While Alyssa Healy made a much-needed return to runs and confidence at the top of the Australian order, the rest struggled for timing on a slow, dry surface that proved to be ideally suited to Yadav’s art. A legbreak and three wrong’uns delivered her the wondrous figures of 4 for 19, and with the strong support of Shikha Pandey, Australia were confounded. Having entered 2020 as the world’s undisputed T20 dominators, the hosts have now lost three games out of six and are no guarantee to make the semi-finals.

India boom, then bust

If it was a surprise to see Molly Strano go from missing Australia’s World Cup squad to bowling the first ball of the tournament a couple days after she was a late inclusion for the injured Tayla Vlaeminck. India’s top-order approach after blocking out the offspinner’s exploratory first over was not.

After she was dropped by Strano at midwicket, Smriti Mandhana found the boundary off Ellyse Perry, and Shafali Verma found her range against Megan Schutt, pinging four boundaries as the Indians vaulted to 0 for 40 from four overs.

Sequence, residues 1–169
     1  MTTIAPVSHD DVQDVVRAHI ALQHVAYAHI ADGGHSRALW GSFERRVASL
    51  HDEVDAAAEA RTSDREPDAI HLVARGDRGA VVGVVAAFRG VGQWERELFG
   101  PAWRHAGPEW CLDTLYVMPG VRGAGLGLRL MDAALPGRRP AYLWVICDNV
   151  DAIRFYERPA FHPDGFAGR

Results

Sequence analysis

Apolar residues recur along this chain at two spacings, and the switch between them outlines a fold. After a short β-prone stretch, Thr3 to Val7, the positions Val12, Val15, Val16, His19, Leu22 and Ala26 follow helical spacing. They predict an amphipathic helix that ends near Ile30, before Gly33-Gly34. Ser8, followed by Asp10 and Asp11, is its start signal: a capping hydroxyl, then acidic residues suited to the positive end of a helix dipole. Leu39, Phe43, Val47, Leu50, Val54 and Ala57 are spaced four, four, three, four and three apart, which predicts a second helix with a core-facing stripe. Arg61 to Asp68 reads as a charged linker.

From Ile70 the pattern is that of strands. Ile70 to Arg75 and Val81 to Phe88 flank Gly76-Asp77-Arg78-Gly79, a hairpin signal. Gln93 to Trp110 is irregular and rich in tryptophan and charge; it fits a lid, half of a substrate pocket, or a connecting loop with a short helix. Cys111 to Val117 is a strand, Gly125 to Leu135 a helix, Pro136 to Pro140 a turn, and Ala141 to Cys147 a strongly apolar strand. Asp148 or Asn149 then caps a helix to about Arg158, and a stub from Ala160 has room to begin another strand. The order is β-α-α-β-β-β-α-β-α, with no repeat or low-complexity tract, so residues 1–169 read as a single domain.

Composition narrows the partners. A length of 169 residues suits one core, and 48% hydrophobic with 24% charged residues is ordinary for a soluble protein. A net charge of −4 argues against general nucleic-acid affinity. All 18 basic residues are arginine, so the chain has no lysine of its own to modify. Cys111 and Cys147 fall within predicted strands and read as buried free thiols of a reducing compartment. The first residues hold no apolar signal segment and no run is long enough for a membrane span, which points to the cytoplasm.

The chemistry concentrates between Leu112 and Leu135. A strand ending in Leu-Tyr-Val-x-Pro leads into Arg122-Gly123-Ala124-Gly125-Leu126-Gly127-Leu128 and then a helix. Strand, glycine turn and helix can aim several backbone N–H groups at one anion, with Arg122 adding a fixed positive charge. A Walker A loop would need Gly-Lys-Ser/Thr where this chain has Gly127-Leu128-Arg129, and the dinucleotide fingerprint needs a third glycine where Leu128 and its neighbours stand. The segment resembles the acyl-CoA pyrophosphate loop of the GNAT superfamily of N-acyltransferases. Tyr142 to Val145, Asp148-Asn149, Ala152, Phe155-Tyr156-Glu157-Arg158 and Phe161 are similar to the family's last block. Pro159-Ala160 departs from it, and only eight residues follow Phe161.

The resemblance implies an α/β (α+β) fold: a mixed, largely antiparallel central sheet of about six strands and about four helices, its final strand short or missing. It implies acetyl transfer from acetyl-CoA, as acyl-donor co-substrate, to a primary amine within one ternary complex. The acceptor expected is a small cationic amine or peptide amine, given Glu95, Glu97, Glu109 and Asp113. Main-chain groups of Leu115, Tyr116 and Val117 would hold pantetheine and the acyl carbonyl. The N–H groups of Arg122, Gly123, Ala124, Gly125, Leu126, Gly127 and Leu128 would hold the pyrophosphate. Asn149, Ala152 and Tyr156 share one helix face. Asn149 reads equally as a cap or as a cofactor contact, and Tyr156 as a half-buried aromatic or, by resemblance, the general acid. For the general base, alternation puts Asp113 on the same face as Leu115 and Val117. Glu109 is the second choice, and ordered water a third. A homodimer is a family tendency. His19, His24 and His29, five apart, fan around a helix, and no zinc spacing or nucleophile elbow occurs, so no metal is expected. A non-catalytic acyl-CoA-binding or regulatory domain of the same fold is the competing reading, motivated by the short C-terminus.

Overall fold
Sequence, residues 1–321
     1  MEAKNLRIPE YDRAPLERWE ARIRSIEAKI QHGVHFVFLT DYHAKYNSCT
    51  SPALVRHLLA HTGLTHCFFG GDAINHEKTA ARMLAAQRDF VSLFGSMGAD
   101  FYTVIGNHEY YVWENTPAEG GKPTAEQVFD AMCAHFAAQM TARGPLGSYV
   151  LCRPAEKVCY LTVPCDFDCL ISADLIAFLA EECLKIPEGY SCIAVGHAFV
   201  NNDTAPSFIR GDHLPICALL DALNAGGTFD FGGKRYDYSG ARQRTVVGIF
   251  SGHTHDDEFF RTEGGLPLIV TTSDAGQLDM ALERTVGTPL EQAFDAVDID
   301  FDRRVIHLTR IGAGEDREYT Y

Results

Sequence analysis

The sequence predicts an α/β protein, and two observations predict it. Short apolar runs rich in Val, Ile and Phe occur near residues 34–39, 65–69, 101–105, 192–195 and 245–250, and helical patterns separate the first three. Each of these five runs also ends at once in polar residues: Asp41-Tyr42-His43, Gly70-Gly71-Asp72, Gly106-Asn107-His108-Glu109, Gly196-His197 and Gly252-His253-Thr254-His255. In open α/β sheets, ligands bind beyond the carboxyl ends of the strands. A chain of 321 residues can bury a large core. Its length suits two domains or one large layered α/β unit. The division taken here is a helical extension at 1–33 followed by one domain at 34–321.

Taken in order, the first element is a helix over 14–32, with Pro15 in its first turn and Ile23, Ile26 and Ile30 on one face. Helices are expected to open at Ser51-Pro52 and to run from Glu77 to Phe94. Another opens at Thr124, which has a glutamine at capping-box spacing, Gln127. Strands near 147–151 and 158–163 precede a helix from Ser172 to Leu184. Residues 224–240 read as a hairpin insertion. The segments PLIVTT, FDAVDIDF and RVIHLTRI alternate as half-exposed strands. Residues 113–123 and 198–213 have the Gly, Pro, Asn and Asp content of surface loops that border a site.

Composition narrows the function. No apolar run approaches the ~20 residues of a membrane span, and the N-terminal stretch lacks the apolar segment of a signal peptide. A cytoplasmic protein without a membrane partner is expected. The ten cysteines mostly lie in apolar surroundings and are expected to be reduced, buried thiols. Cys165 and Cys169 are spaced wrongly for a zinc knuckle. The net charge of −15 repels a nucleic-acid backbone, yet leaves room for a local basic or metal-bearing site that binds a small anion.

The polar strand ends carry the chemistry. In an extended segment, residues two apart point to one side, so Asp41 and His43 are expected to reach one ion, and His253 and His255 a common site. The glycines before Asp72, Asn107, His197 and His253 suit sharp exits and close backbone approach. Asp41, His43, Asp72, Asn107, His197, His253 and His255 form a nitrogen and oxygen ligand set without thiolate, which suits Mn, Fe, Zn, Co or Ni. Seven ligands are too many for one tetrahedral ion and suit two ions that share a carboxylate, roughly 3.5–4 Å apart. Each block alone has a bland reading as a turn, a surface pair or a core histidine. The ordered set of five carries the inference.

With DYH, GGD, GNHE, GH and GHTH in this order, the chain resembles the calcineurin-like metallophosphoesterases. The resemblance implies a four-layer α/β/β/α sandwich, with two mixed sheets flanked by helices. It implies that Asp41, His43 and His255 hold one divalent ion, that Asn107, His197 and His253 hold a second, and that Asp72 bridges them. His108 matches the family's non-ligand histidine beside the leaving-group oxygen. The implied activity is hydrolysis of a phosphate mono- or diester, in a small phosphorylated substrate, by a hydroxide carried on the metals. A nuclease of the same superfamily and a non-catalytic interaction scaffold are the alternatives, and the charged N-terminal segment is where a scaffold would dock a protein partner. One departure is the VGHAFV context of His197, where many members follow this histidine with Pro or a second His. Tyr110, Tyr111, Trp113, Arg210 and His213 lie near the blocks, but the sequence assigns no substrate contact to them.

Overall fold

The Australians knew they needed to maintain composure, and did so through the intervention of the in-form Jess Jonassen, who pinned Mandhana lbw on the slog sweep and was later to be the beneficiary of a foolhardy dance down the pitch by a keyed-up Harmanpreet Kaur and then a fortuitous stumping as the ball rebounded off Healy’s pads. That after Verma had pulled her 15th ball straight to mid-on off Perry to depart for 29 off just 15 balls. Three wickets down for six in 15 balls made the rest of the innings a salvage job.

Sharma keeps her cool

A decidedly sluggish surface at the Sydney Showgrounds recalled some of the desperately slow pitches the Sydney Thunder men’s team had played on at the neighbouring Sydney Olympic Stadium in the early years of the Big Bash League. This meant that it was fiendishly difficult to force the pace against anything but the longest of half-volleys, something Sharma recognised as she sought to pull the innings back from the brink.

Singles were the order of the day, and Sharma was to collect no fewer than 29 of them in her sturdy, unbeaten 49. She received useful support from Jemimah Rodrigues, who had been reprieved from an early lbw decision in Perry’s favour when a review showed the ball sliding past leg stump, and scored 24 runs in singles herself. So while a tally of three boundaries in the final 16 overs of the innings sounds paltry, the approach at least meant that India could reach a couple of runs beyond the average T20I score at the venue.